Who are the captains of industry in Ghana today? They are the people the government should be consulting with while they contemplate another tango with the International Monetary Fund (IMF). The IMF, will recommend what we know we should have done long ago but have not had the political will to do. We must slash the public sector significantly but not as a singular act. This must be accompanied by a real change in fiscal attitude untainted by political imperatives. The application of controls to minimize losses to corruption coupled with comprehensive and long-term support for entrepreneurially based options for workers in the agricultural, service, IT and other sectors is critical. Read the rest of this entry »

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World Cup Diary 8

Posted by Business in Ghana on June 29, 2014

From Kwasi Gyan Appenteng

The Mega-shambles in Brazil

As it was in the beginning, so it ended. There was a bit of brilliant football in between but who will remember that? Ghana in Brazil 2014 was a total shambles which we probably would wish to forget quickly. Unfortunately, and for completely wrong reasons not only will this mess stay long in our memory, it will cast a shadow on our sporting performances past and present. Let us look at the evidence.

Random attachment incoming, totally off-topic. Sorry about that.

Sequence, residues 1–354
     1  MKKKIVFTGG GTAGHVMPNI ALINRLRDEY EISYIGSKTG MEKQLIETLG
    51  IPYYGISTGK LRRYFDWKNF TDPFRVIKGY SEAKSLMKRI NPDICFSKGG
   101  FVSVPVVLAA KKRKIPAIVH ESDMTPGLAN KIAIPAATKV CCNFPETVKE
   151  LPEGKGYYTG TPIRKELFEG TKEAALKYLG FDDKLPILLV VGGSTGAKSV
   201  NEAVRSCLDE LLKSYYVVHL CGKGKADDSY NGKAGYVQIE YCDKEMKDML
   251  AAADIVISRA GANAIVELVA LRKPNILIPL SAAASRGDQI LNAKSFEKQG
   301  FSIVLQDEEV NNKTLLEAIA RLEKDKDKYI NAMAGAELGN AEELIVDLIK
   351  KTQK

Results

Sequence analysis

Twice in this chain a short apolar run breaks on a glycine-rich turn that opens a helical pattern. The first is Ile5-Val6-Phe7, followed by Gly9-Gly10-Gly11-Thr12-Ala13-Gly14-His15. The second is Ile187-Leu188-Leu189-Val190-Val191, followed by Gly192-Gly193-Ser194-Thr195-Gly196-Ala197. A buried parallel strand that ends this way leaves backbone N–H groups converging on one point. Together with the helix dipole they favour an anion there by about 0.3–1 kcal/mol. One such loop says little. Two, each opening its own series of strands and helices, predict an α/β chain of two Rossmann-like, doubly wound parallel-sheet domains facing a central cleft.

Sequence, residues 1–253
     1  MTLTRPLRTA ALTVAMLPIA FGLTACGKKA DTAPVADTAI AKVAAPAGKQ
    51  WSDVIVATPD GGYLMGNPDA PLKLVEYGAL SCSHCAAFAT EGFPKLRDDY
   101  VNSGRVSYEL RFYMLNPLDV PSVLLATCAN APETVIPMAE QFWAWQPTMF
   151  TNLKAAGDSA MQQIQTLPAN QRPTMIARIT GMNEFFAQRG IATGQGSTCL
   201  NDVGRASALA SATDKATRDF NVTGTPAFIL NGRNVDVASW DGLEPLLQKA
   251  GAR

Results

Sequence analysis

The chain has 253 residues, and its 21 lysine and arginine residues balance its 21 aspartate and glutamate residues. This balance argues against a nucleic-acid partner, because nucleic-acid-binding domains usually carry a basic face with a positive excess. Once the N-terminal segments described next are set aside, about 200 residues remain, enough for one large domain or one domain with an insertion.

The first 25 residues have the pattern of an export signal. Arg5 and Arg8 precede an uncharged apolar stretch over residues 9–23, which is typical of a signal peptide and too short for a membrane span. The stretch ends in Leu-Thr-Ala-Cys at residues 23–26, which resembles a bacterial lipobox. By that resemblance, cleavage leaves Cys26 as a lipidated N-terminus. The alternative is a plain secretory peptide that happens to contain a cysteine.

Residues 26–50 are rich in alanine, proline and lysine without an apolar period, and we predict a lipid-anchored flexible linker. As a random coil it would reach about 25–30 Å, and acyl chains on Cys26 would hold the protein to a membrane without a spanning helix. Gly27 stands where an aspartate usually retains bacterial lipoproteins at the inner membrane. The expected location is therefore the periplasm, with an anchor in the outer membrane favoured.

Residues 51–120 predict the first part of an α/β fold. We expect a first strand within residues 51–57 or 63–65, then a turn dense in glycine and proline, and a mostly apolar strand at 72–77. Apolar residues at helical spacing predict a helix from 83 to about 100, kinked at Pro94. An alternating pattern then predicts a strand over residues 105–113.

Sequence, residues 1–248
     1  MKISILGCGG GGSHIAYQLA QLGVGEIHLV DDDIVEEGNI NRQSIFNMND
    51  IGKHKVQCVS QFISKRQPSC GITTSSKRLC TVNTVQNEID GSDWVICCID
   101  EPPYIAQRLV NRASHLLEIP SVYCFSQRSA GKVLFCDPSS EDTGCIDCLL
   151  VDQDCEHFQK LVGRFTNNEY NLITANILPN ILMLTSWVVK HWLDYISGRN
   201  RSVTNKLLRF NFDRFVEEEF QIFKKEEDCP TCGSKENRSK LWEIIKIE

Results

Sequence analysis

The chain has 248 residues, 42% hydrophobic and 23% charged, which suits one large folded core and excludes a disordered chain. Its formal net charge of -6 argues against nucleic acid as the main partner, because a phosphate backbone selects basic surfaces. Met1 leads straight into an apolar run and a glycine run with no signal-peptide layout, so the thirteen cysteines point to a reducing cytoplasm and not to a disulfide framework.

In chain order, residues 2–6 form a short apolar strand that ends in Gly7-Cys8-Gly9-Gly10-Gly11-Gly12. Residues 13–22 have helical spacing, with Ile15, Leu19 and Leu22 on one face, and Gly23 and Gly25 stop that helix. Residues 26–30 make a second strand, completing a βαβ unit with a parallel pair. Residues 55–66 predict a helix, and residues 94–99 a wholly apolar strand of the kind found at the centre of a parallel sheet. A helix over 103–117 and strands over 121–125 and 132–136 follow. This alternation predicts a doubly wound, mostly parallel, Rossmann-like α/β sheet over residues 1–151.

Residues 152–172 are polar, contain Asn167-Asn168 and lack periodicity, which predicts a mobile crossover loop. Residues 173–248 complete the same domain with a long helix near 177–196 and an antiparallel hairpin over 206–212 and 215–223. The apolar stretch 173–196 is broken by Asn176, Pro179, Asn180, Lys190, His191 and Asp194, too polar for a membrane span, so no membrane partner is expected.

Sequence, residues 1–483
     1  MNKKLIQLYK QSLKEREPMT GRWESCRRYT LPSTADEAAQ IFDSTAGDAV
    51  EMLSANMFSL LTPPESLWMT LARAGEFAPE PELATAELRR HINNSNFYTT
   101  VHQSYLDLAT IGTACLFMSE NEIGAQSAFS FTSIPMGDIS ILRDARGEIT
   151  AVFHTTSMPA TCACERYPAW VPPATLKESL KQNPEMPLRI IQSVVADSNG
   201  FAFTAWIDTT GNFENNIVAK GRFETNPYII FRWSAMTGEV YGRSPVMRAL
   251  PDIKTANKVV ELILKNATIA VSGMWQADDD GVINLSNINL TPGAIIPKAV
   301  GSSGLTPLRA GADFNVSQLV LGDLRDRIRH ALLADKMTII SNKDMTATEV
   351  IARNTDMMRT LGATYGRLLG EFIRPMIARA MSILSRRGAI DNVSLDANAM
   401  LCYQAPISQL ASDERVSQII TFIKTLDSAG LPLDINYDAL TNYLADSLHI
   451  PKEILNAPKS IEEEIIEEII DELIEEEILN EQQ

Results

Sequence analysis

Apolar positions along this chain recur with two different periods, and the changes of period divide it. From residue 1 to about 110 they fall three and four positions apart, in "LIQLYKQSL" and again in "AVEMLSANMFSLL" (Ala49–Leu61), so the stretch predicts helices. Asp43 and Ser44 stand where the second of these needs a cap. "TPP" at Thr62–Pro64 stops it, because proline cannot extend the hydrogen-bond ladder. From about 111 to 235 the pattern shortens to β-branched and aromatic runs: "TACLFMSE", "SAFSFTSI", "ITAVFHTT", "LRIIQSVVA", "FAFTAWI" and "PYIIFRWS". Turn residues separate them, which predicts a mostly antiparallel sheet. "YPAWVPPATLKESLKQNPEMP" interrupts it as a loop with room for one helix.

In Ghana, we quickly find scapegoats for our failings and the culprit this time is our age old friend and enemy, money, described as the root of all evil. Mr. Kwasi Nyantakyi, the man who in any other country would have fallen on his sword has fingered money as the enemy within. It is not the last time money would get a bad press but on this occasion, ladies and gentlemen of the jury, may I plead that planning and not money should be in the dock.

Ghana qualified brilliantly doling out a magnificent victory over Egypt in Kumasi before finishing the job in Cairo. Between the qualification and the start of the tournament was sufficient time for planning. Not Ghana; we were not sure about anything including the final squad, friendly matches, money and of course officials and spectators. Read the rest of this entry »